According to Google Page Speed and Yahoo's YSlow tools, proper caching, GZipping, and the use of ETags are some of the most important things to speed up the loading of webpages as well as reduce the consumption of bandwidth (for both your server and end-user).

This is a simple little tutorial that covers the basics on caching and gzipping, as well as a very brief comment on ETags and their purpose. All of the code below belongs in your .htaccess files. (A brief tutorial on .htaccess can be found here.)

In terms of caching, the most important things to cache are images and videos, as they take the largest amount of download time and space, and are generally updated the least. For this, we employ a cache time of fifty weeks. For lesser documents, such as HTML and PHP, we can use a much shorter cache time (which varies among projects), perhaps between two days and two months.

Regardless, to implement such a cache, you will simply need the following code (note that mod_headers.c must be implemented for this to work):

<FilesMatch "\\.(ico|pdf|flv|jpg|jpeg|png|gif|swf)$">
    Header set Cache-Control "max-age=30240000, public, must-revalidate"
    Header set Expires "access plus 50 weeks"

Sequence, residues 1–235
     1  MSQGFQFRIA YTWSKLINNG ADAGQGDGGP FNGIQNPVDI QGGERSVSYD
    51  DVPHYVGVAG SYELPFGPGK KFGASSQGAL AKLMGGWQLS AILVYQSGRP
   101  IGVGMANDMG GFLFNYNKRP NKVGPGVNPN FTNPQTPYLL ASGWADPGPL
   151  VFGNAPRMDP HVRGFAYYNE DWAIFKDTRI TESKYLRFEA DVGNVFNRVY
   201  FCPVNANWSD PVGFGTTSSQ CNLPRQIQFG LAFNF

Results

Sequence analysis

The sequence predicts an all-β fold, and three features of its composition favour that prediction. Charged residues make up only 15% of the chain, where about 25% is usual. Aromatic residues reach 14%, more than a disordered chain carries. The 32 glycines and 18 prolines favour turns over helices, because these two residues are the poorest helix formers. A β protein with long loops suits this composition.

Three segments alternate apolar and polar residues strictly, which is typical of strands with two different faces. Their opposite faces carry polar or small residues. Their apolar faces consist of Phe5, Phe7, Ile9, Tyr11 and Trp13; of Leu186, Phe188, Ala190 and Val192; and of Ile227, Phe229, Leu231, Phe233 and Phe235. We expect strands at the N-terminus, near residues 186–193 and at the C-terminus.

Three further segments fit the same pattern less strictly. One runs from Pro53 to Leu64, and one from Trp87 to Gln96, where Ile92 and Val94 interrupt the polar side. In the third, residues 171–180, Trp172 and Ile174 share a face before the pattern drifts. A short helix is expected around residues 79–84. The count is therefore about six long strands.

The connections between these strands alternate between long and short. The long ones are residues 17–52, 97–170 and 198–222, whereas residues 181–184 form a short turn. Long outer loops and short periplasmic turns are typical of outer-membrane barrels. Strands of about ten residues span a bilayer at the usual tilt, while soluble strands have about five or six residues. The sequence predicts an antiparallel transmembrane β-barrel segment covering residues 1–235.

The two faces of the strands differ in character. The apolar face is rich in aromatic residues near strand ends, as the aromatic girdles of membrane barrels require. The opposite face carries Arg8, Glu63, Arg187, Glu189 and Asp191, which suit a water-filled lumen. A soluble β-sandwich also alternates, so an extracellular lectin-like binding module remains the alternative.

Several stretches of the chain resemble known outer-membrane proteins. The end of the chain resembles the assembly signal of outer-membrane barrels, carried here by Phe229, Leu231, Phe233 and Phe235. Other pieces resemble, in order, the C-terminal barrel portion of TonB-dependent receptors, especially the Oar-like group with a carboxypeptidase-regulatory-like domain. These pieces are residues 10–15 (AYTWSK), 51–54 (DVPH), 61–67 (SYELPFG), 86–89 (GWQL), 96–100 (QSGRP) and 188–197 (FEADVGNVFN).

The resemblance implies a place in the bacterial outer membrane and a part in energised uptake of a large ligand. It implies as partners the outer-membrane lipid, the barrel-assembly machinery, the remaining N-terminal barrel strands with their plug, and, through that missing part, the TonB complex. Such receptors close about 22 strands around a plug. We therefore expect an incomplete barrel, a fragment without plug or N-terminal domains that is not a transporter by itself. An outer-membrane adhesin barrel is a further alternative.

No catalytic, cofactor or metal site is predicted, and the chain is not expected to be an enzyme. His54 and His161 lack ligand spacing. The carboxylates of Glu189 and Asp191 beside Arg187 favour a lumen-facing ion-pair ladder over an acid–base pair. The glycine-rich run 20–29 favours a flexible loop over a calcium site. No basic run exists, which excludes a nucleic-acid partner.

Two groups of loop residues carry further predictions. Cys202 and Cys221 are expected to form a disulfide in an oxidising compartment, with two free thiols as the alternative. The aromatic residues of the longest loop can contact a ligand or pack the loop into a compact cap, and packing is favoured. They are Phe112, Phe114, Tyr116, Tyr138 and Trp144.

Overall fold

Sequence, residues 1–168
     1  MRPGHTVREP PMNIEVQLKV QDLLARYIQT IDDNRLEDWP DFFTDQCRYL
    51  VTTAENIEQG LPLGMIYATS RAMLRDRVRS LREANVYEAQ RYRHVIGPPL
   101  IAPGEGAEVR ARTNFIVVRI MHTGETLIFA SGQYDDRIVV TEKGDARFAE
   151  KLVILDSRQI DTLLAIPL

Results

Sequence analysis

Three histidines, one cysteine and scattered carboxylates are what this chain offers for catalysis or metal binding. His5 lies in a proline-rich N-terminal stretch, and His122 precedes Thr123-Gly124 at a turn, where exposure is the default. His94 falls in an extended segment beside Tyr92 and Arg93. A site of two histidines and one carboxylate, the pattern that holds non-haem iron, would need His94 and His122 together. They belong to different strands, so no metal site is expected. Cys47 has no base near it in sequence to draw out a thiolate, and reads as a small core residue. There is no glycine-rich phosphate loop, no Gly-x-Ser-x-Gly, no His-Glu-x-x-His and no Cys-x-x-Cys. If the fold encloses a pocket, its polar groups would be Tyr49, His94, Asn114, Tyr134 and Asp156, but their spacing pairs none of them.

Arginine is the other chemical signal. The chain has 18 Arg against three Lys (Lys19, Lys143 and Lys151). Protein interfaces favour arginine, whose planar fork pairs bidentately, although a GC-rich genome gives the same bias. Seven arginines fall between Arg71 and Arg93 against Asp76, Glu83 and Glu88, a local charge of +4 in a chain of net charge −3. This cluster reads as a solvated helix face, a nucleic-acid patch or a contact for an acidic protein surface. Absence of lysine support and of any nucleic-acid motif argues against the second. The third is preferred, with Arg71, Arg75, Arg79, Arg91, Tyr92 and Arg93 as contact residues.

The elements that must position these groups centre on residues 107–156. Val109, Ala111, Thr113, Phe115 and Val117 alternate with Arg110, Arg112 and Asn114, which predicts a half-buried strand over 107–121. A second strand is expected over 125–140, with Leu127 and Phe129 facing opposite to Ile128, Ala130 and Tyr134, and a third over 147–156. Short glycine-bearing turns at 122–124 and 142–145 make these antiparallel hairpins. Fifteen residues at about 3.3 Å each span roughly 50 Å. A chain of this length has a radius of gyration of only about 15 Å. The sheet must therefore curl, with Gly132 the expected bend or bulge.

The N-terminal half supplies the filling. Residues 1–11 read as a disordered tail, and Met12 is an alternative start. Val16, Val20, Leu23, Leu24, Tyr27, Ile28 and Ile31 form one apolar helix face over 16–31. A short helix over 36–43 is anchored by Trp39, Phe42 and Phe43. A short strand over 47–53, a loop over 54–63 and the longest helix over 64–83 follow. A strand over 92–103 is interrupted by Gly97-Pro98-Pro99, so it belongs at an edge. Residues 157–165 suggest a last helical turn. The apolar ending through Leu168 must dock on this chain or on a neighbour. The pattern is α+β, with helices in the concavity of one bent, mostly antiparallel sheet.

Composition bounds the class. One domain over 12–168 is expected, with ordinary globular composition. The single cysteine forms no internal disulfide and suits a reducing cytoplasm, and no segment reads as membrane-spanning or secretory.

This code caches all ICO, PDF, FLV, JPG/JPEG, PNG, GIF, and SWF files for fifty weeks (which is also noted as 30,240,000 seconds in the Cache-Control header). The same code can be repeated for other files, simply changing the FilesMatch line (it uses regex to match filenames).

A file's ETag is a way for a browser to check if a file has been modified. Since, above, we said that everything should be cached, but should be revalidated, we don't actually need ETags for our project. Therefore we can slap this neat little code in our HTAccess file so that Page Speed and YSlow don't complain:

FileETag None

Lastly comes GZipping. This requires the mod_deflate.c module, so ensure that it is enabled on the server your project runs from if you want to employ this method.

GZipping is a great way to reduce the size of files for transporting to modern browsers that understand GZipped files. I personally use it for text, XML, CSS, and JavaScript. The method to do so is:

AddOutputFilterByType DEFLATE text/html text/plain text/xml text/css text/javascript application/javascript application/x-javascript

Note that it uses the MIME types only for items following; if you wish to deflate other items that don't have a specific MIME type (such as fonts) you will have to add their MIME type configuration to the HTAccess file ABOVE the GZip section, as such (requires mod_mime.c):

AddType font/truetype .ttf

You will then be able to add font/truetype to your list.

Note that in older browsers, GZipping does not always work, and should be avoided. To disable GZipping in legacy browsers, implement the following (mod_setenvif.c):

BrowserMatch ^Mozilla/4 gzip-only-text/html
BrowserMatch ^Mozilla/4\\.0[678] no-gzip
BrowserMatch \\bMSIE !no-gzip !gzip-only-text/html

So by following these three steps, you can get an "A" on the "caching", "gzipping", and "etag" sections of YSlow for your website, speed up load times, and reduce bandwidth consumption for your server and viewers! Enjoy your reduced monthly bill!

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